Tuesday, September 06, 2011


In a column published just as Rick Perry was getting into the Republican presidential race, David Brooks wrote this about GOP voters:

If voters think Nancy Pelosi is the biggest threat to their children's prosperity, they will hire Perry. If they think competition from Chinese and Indian workers is the biggest threat, they will hire Romney.

I read that and thought, "Then Romney's doomed," but Brooks, I gather, thinks it's an open question.

And so, apparently, does Romney himself. He's just released a 59-point jobs plan (could he have possibly picked a less emotionally resonant number?) and, according to Politico, one of the ten actions he plans to take on his first day in office is to show China who's boss:

Romney, by contrast, has put confronting China at the center of his plan, an approach his advisers expect to draw controversy.

One of his 10 first-day actions would be an executive order to sanction China for its trade practices and the manipulation of its currency. Romney also would create a new multinational trade group called the "Reagan Economic Zone," described in his plan as "a multilateral trading bloc open to any country committed to the principles of open markets and free enterprise."

The idea, advisers said, is to supplement and improve on the flawed World Trade Organization by forming a new alliance exclusively of trusted trading partners -- presumably excluding, and providing a counterweight to, China.

"I'll clamp down on the cheaters, and China’s the worst example of that," he said, pointing to its currency manipulation and lack of intellectual-property enforcement.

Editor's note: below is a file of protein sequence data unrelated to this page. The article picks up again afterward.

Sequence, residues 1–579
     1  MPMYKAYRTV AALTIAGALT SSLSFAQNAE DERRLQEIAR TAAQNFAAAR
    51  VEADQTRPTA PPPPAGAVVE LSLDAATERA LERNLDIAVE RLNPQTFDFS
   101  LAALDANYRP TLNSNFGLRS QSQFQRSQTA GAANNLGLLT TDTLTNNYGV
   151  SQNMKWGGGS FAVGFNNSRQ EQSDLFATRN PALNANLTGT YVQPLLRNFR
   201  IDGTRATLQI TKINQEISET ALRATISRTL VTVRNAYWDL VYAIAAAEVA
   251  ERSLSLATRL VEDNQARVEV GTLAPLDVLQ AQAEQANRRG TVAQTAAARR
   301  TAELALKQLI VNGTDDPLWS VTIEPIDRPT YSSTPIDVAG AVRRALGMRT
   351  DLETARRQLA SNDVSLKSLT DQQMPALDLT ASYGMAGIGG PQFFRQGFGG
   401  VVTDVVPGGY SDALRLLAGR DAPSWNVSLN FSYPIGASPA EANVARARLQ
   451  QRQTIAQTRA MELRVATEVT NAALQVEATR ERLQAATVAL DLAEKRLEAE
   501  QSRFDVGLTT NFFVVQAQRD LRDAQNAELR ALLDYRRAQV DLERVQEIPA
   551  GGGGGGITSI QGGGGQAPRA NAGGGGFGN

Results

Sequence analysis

"I certainly don't want a trade war, but we can’t have a trade surrender either," he said.

Elsewhere at Politico, there's more on this:

As Mitt Romney begins delivering his jobs speech in Nevada Tuesday, he's putting a heavy emphasis on China.

He's already mentioned the growth of the Chinese economy as a threat to U.S. economic primacy in his speech now under way. And his 10-point plan of action for his first day in office includes sanctioning China for its trade practices.

"Thirty years ago, America was overwhelmingly the largest manufacturing economy in the world," he said. "This year, China is slated to pass us."

Having lived through much of the Cold War and a wave of anti-Japanese anger after the Cold War ended, I'm actually surprised that Americans aren't hating on some non-European enemy during this economic downturn -- maybe we're just suffering from xenophobia burnout after the Bush/Cheney years, or maybe we just hate one another so much that we can't be bothered to direct our anger outward. (Or, hey, maybe we just don't feel we need to bother with xenophobia when we have a Kenyan Muslim socialist in the White House.) Maybe the lack of China-hate (or India-hate or France-hate or...) is a by-product of the lack of foreign coverage in TV news.

In any case, Romney's clearly overlooking this reality, and overlooking the fact that the punditocracy doesn't control any Republican delegates. Romney's not as bad as Jon Huntsman, who often seems to be pursuing an all-pundit campaign strategy. But Romney's approach is nearly as delusional.


Paul Waldman has some amusing snark in response to the notion of a "Reagan Economic Zone":

... So here are some suggestions for initiatives the next Republican president could pursue:

GDP growth will be referred to as "Reagan Growth," as in "Reagan growth averaged a spectacular 6.4 percent last quarter." ...

Read the whole thing.